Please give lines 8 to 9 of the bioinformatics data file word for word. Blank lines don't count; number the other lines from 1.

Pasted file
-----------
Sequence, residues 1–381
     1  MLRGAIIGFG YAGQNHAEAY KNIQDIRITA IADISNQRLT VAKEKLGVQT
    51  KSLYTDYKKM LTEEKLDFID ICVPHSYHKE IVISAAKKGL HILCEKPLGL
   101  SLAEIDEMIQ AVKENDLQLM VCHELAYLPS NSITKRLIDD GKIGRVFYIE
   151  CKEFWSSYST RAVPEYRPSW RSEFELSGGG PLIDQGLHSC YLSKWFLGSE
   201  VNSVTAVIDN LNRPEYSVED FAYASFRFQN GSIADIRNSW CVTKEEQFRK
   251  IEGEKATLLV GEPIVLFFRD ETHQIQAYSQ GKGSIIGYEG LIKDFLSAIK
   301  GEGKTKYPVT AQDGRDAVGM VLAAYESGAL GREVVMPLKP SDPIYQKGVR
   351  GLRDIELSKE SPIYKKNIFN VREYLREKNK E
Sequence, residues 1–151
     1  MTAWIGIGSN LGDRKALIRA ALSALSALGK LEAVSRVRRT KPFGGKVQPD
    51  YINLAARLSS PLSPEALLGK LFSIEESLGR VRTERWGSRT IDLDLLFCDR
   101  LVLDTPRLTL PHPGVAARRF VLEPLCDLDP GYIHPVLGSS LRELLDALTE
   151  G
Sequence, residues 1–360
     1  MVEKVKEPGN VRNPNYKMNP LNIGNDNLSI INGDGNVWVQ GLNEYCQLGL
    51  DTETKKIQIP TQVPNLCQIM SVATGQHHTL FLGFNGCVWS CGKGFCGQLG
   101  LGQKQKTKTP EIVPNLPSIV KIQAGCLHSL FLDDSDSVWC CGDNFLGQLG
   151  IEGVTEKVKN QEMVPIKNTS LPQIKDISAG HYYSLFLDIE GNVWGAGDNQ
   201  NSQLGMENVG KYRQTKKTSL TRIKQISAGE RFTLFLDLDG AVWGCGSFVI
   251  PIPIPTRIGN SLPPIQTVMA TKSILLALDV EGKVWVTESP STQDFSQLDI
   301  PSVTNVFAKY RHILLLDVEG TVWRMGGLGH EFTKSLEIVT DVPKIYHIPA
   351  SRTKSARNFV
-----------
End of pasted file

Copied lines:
   301  GEGKTKYPVT AQDGRDAVGM VLAAYESGAL GREVVMPLKP SDPIYQKGVR
   351  GLRDIELSKE SPIYKKNIFN VREYLREKNK E